Welding is a process that involves connecting two pieces of metal together. It uses extreme heat – and occasionally additionally metals or gases – to solder two separate pieces together to become one. There are multiple different welding methods such as spot welding, shielded metal arc welding and gas tungsten arc welding.
These are only a few popular types of welding techniques that are used today. Welding can be used in conjunction with sheet metal machinery to alter sheet metal into a desired shape or variation. Our sheet metal machinery experts have put together a list of facts about welding that you might not know.
1. It’s a 4000-year-old process
Circular boxes have been discovered that date back to the bronze age – approximately 2000 BC – that were created by hammering two pieces of metal together to form the single component. An early incarnation of what we call welding today.
2. Robots have a history of welding
In 1961, the Unimate was installed at a General Motors factory. The Unimate was the world’s first industrial robot and its job was spot welding on an assembly line. The robot itself was basically just a giant arm that weighed around two tonnes and followed commands that were stored on a large magnetic drum.
3. Welding can be done underwater
Whilst this is considered to be a very dangerous occupation, welding can actually be done underwater. There are a couple of ways this can be done. In an ideal situation, a dry chamber is used – in which a temporary hyperbaric chamber is set up to prevent water from entering the workspace. Oxygen is constantly monitored and replaced by another crew to keep the working conditions safe and minimise the effects of the welder being affected by the pressure.
The other option is the more dangerous of the two and is known as wet welding. Wet welding uses an electric arc as its source of energy. A thick layer of bubbles is created whilst welding due to the flux on the outside of the rod evaporating. This shields the weld from oxidising compounds and the water.
This is considered to be a temporary or last resort technique as there is often very little visibility whilst performing wet welding. In addition to this, a hazard known as Delta P– otherwise known as differential pressure – can be a fatal hazard to wet welding divers. There is really no way of detecting Delta P’s until it is too late, making them all the more dangerous. When two bodies of water intersect – each of them holding a different level of pressure – it can potentially drown anyone who is caught in between.
4. Metals in space automatically weld upon contact
Believe it or not, it’s true. It’s a process known as cold welding. Anytime two pieces of metal in space come into contact with each other, they instantly weld themselves together creating one piece. This will only apply to metals without any coating on them – so either bare or highly polished metals. This is a phenomenon that cannot happen on Earth however because our atmosphere creates a layer of oxidisation between two metals. It is this lack of oxidisation layer that causes cold welding to occur in space.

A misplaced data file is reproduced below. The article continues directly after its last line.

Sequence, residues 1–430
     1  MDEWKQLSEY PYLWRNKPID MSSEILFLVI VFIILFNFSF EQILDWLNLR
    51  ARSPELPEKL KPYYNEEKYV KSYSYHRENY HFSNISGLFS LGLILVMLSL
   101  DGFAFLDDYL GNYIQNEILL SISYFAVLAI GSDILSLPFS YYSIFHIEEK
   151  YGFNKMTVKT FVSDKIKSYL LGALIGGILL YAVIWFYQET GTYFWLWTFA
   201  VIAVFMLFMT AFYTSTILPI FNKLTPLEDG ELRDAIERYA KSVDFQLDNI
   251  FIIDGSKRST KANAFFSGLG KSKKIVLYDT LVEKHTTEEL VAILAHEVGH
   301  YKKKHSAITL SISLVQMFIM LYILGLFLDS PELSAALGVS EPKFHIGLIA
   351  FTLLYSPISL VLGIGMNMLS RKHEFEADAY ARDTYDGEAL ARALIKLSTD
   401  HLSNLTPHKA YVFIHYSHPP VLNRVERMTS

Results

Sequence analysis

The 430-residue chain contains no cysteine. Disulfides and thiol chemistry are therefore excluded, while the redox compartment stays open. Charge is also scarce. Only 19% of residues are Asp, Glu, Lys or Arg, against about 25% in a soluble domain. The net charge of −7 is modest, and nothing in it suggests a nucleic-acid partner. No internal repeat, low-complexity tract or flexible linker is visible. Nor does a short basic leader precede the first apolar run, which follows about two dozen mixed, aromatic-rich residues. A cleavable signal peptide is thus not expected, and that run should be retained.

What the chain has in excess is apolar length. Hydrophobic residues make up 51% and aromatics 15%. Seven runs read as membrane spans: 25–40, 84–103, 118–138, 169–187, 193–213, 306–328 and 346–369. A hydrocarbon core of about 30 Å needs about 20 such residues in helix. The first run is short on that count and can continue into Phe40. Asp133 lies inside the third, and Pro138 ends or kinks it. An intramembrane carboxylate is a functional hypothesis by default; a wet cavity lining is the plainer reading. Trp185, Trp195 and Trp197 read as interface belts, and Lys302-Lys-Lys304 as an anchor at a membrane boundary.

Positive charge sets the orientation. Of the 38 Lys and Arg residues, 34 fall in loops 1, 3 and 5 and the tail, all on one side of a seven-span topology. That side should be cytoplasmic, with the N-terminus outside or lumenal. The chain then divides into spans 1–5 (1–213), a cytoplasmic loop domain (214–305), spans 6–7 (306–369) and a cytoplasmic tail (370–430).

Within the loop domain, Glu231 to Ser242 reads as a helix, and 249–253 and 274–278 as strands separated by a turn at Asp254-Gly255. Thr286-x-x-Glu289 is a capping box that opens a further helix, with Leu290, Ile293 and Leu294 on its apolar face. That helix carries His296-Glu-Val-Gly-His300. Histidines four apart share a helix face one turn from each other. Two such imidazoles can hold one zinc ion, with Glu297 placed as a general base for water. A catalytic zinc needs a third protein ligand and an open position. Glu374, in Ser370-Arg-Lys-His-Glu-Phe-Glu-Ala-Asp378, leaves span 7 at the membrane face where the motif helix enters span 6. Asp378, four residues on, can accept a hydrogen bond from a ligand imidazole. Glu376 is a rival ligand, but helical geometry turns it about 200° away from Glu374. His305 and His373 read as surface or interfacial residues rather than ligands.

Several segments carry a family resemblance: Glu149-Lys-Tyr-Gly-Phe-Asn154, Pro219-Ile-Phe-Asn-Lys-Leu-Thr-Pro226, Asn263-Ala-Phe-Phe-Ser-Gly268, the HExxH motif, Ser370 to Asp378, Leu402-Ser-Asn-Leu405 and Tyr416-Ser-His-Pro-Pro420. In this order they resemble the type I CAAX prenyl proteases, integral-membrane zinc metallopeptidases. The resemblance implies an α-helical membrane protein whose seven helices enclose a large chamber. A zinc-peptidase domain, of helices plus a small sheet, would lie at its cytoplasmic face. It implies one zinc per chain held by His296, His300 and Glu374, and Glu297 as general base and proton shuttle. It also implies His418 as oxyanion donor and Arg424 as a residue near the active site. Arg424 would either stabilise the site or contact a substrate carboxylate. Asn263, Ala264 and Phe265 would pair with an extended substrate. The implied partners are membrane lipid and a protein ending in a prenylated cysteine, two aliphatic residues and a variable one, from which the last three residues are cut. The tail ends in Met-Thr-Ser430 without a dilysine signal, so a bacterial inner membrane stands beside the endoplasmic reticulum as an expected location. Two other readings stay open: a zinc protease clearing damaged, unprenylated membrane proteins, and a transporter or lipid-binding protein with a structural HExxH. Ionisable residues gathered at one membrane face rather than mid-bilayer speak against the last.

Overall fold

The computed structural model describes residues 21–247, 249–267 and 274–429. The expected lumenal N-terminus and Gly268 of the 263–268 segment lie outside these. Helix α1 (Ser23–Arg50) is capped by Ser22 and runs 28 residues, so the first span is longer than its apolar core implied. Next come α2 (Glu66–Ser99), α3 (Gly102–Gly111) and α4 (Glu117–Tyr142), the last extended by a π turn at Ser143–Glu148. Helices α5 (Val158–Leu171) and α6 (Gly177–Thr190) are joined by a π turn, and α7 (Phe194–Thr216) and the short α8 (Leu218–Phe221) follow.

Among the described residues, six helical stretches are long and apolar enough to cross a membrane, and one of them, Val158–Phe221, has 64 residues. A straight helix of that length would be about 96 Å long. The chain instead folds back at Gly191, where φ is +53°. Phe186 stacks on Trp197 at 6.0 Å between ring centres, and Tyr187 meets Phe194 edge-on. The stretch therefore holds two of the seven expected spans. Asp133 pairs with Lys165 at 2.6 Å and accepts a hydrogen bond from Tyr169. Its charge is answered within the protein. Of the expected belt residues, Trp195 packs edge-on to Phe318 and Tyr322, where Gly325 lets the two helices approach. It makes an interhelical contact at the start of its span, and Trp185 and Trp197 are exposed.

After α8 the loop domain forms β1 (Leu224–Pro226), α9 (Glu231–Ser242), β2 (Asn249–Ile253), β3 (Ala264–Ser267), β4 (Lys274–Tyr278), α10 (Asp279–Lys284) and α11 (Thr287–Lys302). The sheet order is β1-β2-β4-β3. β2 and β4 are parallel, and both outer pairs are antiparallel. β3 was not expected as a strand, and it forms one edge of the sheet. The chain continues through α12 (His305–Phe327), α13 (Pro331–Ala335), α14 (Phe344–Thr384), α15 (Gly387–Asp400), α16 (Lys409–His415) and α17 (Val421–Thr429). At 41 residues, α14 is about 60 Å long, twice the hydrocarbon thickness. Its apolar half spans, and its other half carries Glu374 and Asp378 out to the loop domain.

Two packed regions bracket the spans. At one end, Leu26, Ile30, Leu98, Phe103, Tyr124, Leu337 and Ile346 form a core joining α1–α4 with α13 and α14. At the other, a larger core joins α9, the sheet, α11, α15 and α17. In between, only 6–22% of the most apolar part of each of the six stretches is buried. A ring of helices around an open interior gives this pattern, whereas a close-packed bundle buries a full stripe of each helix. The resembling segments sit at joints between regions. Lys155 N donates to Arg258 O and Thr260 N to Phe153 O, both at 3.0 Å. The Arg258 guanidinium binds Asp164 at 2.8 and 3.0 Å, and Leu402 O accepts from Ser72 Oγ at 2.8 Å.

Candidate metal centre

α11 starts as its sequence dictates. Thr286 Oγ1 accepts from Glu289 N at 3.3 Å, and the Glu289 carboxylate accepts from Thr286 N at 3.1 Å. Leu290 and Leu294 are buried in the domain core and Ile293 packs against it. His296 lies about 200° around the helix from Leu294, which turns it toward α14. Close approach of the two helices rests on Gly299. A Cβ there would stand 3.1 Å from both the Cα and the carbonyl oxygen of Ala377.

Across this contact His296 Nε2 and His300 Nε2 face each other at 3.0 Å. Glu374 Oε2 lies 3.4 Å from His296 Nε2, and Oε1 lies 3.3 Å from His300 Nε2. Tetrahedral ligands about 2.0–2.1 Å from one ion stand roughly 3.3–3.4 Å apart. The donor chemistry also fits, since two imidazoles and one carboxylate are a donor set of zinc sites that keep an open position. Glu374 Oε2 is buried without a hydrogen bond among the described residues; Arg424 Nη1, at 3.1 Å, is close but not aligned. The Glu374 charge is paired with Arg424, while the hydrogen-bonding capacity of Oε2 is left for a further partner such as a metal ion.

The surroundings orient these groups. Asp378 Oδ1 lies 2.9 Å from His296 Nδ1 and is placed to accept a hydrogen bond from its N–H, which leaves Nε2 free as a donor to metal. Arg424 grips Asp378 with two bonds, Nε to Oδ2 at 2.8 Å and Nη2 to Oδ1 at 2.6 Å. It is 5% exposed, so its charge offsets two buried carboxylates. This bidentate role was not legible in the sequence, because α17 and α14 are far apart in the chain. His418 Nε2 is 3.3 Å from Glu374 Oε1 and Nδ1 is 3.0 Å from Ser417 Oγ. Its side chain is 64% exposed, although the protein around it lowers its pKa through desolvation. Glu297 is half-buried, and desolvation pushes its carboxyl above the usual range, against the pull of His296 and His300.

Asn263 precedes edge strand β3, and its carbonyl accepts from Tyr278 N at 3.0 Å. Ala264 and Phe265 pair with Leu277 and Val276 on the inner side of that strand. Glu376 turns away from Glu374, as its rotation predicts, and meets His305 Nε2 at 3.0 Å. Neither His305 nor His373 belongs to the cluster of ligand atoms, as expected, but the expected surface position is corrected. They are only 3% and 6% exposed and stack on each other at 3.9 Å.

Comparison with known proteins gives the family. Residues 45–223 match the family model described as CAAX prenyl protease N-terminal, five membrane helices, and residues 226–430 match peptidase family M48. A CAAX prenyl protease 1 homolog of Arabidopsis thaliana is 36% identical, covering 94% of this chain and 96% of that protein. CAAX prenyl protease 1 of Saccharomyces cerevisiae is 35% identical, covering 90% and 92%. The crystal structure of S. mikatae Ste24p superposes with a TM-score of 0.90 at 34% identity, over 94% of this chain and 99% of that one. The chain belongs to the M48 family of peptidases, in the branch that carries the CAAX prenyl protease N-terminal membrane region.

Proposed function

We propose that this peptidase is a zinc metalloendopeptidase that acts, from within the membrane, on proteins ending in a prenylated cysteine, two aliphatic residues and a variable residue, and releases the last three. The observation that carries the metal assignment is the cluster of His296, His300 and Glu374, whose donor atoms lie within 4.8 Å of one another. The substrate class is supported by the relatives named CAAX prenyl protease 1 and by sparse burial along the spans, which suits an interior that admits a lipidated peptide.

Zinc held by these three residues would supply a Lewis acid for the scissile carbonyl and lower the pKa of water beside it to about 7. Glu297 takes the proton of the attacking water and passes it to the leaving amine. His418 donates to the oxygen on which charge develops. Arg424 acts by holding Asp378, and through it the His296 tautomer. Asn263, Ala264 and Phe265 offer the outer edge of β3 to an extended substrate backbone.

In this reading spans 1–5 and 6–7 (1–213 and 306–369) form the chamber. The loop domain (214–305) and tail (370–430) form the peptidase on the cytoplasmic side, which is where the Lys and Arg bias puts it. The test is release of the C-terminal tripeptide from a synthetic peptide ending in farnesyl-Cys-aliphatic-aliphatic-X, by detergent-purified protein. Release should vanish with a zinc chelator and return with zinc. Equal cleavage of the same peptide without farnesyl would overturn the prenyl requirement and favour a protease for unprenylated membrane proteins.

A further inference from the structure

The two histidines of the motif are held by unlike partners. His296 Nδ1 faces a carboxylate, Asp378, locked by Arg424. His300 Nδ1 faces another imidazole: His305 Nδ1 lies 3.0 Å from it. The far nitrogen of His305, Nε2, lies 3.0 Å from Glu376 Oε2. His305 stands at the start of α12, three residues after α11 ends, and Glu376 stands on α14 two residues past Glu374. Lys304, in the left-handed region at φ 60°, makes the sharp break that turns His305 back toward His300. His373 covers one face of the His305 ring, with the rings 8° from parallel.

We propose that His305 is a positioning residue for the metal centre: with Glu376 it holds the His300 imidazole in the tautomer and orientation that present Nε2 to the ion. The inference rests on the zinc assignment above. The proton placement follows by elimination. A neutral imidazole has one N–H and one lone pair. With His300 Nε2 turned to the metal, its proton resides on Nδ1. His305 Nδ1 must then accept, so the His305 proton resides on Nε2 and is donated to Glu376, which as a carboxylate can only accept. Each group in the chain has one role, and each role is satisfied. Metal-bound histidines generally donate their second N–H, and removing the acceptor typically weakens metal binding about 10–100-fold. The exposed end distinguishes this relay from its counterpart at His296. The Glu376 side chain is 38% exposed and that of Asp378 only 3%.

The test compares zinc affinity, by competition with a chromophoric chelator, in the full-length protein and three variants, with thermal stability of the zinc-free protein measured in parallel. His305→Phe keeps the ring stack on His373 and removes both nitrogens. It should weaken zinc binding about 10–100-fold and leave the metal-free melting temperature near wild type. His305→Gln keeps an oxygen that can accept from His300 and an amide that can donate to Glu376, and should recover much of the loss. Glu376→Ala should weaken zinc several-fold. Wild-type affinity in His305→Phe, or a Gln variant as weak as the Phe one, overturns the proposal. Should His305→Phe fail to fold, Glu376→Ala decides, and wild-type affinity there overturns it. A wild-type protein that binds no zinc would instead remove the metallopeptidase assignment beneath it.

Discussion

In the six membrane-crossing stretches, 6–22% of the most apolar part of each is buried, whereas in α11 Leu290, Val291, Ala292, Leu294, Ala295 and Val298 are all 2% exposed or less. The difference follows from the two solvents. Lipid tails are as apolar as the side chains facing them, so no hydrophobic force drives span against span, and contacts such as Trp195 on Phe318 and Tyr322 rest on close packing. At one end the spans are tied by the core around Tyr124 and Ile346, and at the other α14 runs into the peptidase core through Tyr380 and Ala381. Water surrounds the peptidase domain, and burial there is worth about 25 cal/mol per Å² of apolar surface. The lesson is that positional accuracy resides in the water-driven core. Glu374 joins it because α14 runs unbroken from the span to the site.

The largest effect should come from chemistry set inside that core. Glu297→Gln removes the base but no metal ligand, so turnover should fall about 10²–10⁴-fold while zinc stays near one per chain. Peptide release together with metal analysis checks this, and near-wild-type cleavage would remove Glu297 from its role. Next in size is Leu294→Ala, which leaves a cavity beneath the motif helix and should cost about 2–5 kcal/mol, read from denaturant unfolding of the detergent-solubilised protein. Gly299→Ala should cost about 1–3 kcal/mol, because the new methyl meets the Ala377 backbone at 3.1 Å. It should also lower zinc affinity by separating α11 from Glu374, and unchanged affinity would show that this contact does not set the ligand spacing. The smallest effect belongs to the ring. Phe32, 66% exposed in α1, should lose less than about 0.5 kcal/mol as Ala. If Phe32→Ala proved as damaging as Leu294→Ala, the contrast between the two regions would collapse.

5. Welding advanced during the second world war
Gas tungsten arc welding (GTAW) was an idea to weld in a non-oxidising gas atmosphere. It was patented in 1890 by C.L. Coffin. This concept was refined by H.M. Hobart and P.K. Devers in the 1920s who used helium and argon, respectively, for shielding. But it wasn’t until 1941 when it was patented by Meredith, that it was perfected. GTAW is now a popular – yet complex – welding technique that uses a tungsten electrode to produce the weld.
The SS Robert E Peary was a ship built in 1942 that only took 4 days, 15 hours and 27 minutes to complete. This was the record for the fastest built ship in the world, and the record still stands today. The ship operated in the Pacific and Atlantic oceans before it was scrapped in 1963.
6. NASCAR cars need a lot of welding
If you added up all the time welding is used on a NASCAR car before it hits a track it would amount to over 950 hours. Every part of a NASCAR car from the suspension through to the drive train is welded together to meet the NASCAR standards required.
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Here at ACRA we supply all sorts of machine services as well as industrial equipment from used welders to sheet metal machinery. With experienced and passionate staff, we’re ready to help you with any welding or sheet metal machinery questions you may have.
If you have any further questions regarding our equipment or maintenance requirements, please do not hesitate to give us a call on 03 9794 6675 or send us a message here.